We take complaints about our services seriously and deal with them in confidence. If something goes wrong you should tell us. We can then try to put things right and improve our services in the future.
You can make a complaint if you:
- Use any of our services
- Feel you should be able to use our services
- Are a carer, or you are acting on someone else's behalf.
If you are making a complaint on behalf of someone who uses our services, we will check that they have given you their permission to make the complaint.
- Local Authorities do not have the power to block the conduct of a public procession (i.e. by the introduction of a general presumption against Processions) out with the consideration of the factors contained within the legislation. Our aim is always to strike a reasonable balance between protecting the fundamental right of individuals and organisations to organise and participate in public processions, and the need to minimise disruption to the wider community by protecting the rights of all of Glasgow's citizens to go about their business without unnecessary disturbance and interference. Read more about our policy on public processions.
What is a complaint?
We regard a complaint as any expression of dissatisfaction about our action or lack of action, or about the standard of service provided by us or on our behalf.
Who can complain?
Anyone can make a complaint to us, including the representative of someone who is dissatisfied with our service. Please also read the section on 'Getting help to make your complaint'.
What can I complain about?
You can complain about things like:
- delays in responding to your enquiries and requests;
- failure to provide a service;
- our standard of service;
- treatment by or attitude of a member of staff;
- our failure to follow proper procedure.
Your complaint may involve more than one council service or be about someone working on our behalf.
If your complaint is about Social Work Services, there is a separate complaints form and procedure, you can find out about this by visiting Social Work Complaints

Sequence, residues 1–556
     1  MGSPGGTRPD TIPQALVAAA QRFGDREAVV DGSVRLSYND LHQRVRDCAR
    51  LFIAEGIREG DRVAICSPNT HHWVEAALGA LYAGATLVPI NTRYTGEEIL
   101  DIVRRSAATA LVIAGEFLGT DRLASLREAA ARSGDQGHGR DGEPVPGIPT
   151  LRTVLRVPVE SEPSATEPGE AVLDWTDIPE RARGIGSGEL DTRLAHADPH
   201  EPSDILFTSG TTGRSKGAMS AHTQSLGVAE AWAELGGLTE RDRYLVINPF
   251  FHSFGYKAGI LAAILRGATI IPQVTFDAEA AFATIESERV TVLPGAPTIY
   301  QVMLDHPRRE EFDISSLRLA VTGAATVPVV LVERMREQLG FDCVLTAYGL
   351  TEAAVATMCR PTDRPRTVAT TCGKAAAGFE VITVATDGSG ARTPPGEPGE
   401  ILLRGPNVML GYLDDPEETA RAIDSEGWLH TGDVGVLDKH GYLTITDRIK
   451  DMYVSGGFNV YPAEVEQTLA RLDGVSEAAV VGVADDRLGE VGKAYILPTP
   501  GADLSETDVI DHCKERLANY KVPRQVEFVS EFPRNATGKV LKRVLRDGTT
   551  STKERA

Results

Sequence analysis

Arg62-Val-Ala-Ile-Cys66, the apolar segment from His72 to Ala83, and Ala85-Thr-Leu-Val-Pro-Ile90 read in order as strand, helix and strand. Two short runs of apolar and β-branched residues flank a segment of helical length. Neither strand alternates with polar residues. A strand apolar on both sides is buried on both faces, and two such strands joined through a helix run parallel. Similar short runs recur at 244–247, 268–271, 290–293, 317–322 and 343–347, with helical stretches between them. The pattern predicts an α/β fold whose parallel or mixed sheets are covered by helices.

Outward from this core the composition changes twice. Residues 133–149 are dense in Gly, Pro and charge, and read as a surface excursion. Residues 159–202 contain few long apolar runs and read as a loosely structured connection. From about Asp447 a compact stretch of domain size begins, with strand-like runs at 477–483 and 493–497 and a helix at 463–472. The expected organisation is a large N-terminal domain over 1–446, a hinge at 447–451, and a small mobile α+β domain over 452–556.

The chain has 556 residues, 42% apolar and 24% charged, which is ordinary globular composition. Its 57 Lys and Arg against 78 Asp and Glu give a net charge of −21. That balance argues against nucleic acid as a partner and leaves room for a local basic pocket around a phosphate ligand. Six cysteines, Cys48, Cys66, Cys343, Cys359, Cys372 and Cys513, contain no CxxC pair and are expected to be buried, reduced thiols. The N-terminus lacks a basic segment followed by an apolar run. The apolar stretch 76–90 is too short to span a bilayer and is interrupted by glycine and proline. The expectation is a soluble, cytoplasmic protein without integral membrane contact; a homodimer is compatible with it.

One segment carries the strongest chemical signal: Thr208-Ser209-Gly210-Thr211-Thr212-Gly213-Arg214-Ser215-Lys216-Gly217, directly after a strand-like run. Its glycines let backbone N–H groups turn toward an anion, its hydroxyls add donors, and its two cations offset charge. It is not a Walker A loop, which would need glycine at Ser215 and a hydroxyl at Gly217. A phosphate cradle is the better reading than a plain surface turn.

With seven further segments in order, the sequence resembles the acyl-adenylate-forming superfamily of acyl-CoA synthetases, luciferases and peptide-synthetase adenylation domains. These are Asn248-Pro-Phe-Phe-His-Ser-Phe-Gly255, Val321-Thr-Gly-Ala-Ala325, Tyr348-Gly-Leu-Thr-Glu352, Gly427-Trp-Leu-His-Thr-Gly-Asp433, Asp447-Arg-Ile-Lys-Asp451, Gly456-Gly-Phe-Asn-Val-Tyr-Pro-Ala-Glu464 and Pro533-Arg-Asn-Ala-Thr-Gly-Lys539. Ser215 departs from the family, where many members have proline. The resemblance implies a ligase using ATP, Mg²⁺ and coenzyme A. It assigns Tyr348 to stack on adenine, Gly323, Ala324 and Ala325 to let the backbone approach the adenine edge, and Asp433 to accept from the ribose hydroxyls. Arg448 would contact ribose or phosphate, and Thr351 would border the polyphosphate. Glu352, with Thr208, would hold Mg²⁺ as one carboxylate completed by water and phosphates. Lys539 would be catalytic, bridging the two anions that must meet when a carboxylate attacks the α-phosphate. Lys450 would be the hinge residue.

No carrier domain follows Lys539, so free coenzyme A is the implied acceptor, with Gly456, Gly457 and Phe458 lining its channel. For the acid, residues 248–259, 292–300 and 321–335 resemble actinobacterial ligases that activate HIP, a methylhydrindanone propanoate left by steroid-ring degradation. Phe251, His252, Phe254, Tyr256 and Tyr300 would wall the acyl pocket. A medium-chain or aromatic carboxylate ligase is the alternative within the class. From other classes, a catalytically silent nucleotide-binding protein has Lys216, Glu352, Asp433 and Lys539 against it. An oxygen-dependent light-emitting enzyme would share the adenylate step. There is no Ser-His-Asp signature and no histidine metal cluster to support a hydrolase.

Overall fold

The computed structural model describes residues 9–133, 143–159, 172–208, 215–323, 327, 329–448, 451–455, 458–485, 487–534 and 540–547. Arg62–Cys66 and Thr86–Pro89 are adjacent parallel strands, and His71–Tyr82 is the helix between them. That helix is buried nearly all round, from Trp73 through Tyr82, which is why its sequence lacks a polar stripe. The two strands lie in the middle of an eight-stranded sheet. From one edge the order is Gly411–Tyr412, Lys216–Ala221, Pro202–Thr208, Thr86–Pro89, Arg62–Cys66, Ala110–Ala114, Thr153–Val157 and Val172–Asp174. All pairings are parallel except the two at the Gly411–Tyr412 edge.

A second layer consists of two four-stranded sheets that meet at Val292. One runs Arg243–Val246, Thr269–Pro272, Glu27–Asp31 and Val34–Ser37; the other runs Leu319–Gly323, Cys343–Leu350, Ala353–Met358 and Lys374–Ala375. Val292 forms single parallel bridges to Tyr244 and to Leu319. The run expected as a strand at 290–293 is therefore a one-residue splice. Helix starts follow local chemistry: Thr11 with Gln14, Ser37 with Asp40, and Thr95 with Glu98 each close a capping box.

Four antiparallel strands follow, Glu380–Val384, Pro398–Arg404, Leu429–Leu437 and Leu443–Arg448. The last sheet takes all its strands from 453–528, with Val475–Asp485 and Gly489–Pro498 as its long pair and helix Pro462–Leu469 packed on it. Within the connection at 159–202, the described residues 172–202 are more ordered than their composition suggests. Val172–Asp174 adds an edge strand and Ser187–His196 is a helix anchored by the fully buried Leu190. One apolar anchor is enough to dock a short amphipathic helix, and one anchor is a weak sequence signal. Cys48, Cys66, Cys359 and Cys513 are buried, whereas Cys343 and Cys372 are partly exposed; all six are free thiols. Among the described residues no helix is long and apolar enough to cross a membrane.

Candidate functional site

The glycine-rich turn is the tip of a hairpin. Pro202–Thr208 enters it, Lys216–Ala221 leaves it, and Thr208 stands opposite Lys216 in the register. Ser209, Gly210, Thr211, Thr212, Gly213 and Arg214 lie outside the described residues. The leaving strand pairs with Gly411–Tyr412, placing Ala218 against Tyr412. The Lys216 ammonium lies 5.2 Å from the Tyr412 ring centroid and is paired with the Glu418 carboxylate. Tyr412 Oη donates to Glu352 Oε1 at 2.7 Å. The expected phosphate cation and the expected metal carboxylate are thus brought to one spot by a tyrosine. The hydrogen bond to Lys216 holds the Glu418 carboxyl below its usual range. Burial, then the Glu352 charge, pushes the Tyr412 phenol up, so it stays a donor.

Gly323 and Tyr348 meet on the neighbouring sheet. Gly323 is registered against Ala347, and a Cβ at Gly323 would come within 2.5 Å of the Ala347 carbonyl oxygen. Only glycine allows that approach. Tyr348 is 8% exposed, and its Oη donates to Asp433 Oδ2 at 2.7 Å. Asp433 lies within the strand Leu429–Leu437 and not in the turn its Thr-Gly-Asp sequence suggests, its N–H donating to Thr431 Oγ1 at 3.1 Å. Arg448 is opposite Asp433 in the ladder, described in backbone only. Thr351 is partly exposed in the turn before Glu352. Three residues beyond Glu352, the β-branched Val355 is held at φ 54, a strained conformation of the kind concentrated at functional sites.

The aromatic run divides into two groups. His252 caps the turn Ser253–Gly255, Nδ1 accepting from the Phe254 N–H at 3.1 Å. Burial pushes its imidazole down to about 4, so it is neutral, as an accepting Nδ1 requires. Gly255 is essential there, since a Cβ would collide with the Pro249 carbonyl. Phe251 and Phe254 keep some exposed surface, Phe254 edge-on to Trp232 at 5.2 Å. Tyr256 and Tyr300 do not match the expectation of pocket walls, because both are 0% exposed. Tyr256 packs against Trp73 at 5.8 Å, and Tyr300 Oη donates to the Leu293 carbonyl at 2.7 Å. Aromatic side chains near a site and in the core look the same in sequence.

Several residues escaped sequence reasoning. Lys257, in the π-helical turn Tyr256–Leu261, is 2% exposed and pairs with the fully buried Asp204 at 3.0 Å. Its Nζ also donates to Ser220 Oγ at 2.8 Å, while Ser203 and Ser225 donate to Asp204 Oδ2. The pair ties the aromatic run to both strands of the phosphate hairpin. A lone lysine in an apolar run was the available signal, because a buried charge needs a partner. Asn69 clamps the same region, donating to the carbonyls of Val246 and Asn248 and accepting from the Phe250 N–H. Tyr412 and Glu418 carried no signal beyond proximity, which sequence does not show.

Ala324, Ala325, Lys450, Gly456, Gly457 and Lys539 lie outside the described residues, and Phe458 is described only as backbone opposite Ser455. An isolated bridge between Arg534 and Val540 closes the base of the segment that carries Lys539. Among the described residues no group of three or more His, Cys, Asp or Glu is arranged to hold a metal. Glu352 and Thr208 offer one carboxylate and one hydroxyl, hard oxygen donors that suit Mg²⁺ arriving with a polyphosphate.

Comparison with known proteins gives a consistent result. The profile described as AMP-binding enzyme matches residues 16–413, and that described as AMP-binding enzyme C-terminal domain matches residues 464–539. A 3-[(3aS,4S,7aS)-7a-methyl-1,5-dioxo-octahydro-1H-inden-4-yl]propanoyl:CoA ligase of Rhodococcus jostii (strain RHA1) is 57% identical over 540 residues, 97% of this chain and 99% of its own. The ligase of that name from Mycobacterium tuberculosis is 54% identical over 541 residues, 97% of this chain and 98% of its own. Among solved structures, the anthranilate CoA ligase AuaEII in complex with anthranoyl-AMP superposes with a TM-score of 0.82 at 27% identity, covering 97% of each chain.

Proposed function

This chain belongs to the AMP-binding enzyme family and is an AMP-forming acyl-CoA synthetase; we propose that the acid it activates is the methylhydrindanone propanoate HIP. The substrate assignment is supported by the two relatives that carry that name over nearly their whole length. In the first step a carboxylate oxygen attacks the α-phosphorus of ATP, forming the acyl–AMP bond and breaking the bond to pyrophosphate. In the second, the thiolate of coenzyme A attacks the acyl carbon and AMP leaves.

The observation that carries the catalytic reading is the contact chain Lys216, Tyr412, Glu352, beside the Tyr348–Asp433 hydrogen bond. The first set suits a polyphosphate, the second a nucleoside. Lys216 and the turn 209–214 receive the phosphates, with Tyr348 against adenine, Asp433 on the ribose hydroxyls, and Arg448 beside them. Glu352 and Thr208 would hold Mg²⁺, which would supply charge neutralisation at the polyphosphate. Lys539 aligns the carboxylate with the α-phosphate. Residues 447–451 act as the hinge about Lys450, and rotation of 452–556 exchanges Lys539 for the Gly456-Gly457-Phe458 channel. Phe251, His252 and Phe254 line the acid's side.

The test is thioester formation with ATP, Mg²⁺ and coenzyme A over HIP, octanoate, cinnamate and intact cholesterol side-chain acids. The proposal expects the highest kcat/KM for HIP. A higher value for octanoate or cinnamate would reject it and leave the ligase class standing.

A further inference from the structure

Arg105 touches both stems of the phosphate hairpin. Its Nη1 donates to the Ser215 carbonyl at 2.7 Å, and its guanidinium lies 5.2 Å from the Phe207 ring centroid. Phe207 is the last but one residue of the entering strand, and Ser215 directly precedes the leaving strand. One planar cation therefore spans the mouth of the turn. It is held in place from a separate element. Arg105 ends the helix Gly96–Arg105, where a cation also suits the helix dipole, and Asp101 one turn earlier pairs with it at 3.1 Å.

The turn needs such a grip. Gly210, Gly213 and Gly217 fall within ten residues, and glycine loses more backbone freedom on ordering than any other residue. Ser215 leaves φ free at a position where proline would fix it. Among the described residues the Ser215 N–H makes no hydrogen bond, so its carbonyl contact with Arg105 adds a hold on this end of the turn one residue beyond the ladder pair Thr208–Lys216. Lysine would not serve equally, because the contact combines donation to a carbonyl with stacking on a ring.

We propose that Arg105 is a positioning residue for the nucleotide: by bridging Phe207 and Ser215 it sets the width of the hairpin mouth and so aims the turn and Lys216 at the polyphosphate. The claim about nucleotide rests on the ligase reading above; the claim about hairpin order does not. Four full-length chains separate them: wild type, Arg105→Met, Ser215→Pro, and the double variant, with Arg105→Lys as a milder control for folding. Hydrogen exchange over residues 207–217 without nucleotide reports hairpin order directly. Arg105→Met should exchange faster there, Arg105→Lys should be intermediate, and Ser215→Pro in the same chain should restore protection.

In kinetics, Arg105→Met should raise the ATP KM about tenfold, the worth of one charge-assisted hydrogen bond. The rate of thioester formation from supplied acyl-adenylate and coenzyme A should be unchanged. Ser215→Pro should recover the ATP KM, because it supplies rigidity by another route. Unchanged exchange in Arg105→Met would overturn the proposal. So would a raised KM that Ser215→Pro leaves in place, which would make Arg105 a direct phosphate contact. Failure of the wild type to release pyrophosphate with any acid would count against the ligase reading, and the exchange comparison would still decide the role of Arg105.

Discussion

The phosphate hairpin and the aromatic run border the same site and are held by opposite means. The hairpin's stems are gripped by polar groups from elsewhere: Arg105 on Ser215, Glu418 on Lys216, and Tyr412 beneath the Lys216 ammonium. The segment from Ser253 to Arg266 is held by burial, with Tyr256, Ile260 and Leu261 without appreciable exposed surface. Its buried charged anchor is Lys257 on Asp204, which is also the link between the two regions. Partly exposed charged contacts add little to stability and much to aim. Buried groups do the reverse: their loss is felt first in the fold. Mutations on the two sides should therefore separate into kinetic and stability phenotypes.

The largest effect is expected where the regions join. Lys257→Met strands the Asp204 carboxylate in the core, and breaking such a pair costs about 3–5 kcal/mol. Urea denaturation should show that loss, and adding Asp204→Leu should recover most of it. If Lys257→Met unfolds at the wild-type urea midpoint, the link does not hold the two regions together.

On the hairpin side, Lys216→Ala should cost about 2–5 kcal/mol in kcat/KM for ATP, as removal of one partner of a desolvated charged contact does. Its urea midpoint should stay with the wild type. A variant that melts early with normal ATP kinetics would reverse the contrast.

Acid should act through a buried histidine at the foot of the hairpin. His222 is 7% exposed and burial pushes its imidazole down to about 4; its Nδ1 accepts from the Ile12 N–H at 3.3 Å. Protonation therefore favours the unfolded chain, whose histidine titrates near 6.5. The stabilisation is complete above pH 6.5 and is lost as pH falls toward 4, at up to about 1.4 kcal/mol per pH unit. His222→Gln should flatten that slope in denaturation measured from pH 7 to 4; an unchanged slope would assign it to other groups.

What can't I complain about?
There are some things we can't deal with through our complaints handling procedure. These include:
- a routine first-time request for a service;
- a request for information or an explanation of policy or practice;
- a Freedom of Information Act or Data Protection Act request;
- requests for compensation from the council;
- things that are covered by a right of appeal, here are some examples:
- If your planning application is refused, you will have a right to request either an appeal to Scottish Ministers or a review by the planning authority's local review body. Which one depends on the circumstances of the application. The timescale for appeal, or review, will normally be explained in correspondence and the decision notice from the planning authority.
- If you believe your house is incorrectly valued for council tax, you can appeal directly to the Assessor.
If other procedures or rights of appeal can help you resolve your concerns, we will give information and advice to help you.
These are some things we can't deal with under the complaints process:
- where a statutory right of appeal exists (e.g. parking tickets or housing benefit);
- any service where you can use other methods to appeal (e.g. exclusions from school or pupil placements);
- planning applications that are still being considered;
- insurance claims;
- complaints that are in court or have been heard by a court or tribunal;